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Things we do in Church - entering and exiting Church - Printable Version

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Things we do in Church - entering and exiting Church - Fr Simon - 11-07-2010 03:59 PM

HOW TO ENTER CHURCH

Following on from our previous items (introductory for some and reminders for others of us) on what we do in our worship and why we do it, a few brief thoughts on our arrival in Church…

On entering the Church it is customary among Oriental Orthodox Christians to remove shoes (see November 2008 newsletter). In some Churches you have to wade through a sea of shoes at the entrance, some Churches have shoes racks on the way in – and in others it may be sensible and more practical to put them under your chair. We also do well on entering the Church to sign ourselves in with the sign of the cross. When you enter the Church, this is “a transition from street to altar. You are put in transit as you enter and you respond with all the gestures of somebody undergoing a profound change. You sign in by marking yourself with a cross. You make a Christian mark, establishing your identity and your right to move freely across the threshold of God’s house…” (David Martin, Personal Indentity and a Changed Church)

Then our Lord can be greeted and His blessing sought by praying before the altar veil or curtain, then prostrating or bowing and kissing the bottom corner of the altar veil or curtain. If a bishop is present we turn and bow before him and kiss his hand-cross and the back of his hand. This is also to greet Christ since the bishop is an icon of Christ. If no bishop is present we can kiss the hand-cross and hand of a priest (the priest being the icon of the bishop). This of course assumes that we have arrived before the service starts. If we are late and the curtain open and the service underway then it may not be practicable to venerate the altar curtain. If the bishop is present and seated outside the altar then it is still okay to bow before him and kiss his cross and hand. Of course some who arrive late may prefer simply to sign themselves in with the sign of the cross and to stand and offer a silent prayer.

Having venerated the altar curtain and the bishop, if present, we can then venerate the icons on the icon screen – the icon of our Lord God and Saviour Jesus Christ, the icon of the Mother of God and such other icons as may be on the screen or on the walls of the Church. The saints are members of our family – it is good to greet them, it is good to show them respect and reverence and to seek their blessing and prayers. We can light a candle before the icon of our Lord or the icon of the Feast and before such other icons as have a place for candles. The custom within the Coptic Orthodox patriarchate is to touch the icon with the tips of the fingers and then to bring the hand to the mouth and touch the lips with the finger tips. The Byzantine Orthodox custom is to kiss the icon directly with the lips. It is also good to greet one’s fellow worshippers, though a little restraint is perhaps worth observing here and remembering that old maxim about it being good to talk to God before the service and to our fellow worshippers after the worship. I am not suggesting that we ignore others before hand – a handshake, an exchange of peace, a kiss, a quiet hello perhaps may all be considered acceptable… but I have known occasions when the conversation grew so loud that I found it well nigh impossible to concentrate on my prayers of preparation.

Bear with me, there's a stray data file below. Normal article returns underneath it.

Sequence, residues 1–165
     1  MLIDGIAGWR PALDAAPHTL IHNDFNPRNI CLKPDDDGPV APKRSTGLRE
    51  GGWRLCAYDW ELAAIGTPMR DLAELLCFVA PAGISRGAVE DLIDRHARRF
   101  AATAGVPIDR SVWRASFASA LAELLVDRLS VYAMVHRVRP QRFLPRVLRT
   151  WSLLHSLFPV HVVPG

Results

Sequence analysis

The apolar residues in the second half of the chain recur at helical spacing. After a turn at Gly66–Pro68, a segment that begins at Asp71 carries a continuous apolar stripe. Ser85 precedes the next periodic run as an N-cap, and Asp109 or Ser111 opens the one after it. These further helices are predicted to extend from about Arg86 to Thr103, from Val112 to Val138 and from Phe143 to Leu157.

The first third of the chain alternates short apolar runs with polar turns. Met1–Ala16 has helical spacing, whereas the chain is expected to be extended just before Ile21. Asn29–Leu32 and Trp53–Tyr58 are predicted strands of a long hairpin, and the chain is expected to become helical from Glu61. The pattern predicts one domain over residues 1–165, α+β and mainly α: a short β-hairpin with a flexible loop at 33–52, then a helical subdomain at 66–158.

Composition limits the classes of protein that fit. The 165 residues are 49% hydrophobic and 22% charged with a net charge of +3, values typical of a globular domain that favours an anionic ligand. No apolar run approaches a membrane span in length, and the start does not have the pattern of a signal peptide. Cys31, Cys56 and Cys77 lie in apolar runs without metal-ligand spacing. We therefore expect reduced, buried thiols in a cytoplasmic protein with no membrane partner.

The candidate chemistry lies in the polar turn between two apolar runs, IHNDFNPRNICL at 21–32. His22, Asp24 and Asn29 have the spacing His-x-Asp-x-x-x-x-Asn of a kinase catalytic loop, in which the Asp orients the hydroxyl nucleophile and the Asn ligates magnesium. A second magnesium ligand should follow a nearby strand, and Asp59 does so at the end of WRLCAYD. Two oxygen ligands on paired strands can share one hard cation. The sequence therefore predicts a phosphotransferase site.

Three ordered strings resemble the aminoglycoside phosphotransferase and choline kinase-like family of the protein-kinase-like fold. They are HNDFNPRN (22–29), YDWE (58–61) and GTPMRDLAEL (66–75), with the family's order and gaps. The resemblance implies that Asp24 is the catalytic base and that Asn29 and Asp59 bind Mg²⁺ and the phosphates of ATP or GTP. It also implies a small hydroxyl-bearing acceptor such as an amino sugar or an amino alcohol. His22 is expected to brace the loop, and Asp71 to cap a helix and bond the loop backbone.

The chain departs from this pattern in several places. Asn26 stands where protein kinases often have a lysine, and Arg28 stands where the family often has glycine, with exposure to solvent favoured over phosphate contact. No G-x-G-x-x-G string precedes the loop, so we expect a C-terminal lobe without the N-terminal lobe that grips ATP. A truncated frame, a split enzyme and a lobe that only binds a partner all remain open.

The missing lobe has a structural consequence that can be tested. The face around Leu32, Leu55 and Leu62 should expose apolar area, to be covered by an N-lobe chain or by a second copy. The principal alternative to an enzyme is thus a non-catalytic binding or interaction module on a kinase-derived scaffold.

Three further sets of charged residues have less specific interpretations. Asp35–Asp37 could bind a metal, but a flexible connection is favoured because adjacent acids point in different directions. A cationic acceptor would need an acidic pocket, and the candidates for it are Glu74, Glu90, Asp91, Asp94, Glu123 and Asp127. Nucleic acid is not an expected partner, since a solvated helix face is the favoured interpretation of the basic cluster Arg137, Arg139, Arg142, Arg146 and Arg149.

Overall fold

I remember over a decade ago joining the monks for worship in the early hours of the morning in the monastery of the Holy Virgin (Al Muharraq). As each monk arrived in the Church he would go to the front, stand in prayer a moment, bow down and kiss the altar curtain, then turn and kiss the bishop’s hand-cross and hand – then he went around the Church greeting everyone there. He would greet a fellow monk, then an icon on the wall of a saint who had departed this life perhaps a century before, then another monk, then another monk, then the icon of a saint from the first century, then another monk… And it dawned on me that it made no difference whether it was a flesh and blood monastic companion or the icon of one who had departed however recently or long ago; this was one family, this was the communion of the saints – and not just as an expression, declared as words in the Creed but as a living reality before my very eyes.


HOW TO LEAVE CHURCH

Following on from my brief thoughts on our arrival or entrance in Church… a brief word about how we exit the Church. We should exit the Church walking backwards and crossing ourselves. Some people will kiss the icon of our Lord God and Saviour Jesus Christ and then exit backwards whereas others simply exit without the kiss. We walk backwards out of the Church for the same reason the deacon walks backward in processions before the Gospel Book for example – because we are before the King, even the King of Kings and Lord of lords. If people walk backwards before an earthly king or emperor rather than to turn their backs on him how much more should we show such respect to “the blessed and only Potentate, the King of kings, and Lord of lords.” (1Timothy 6:15). So there you have it; you exit the Church backwards and with the sign of the cross.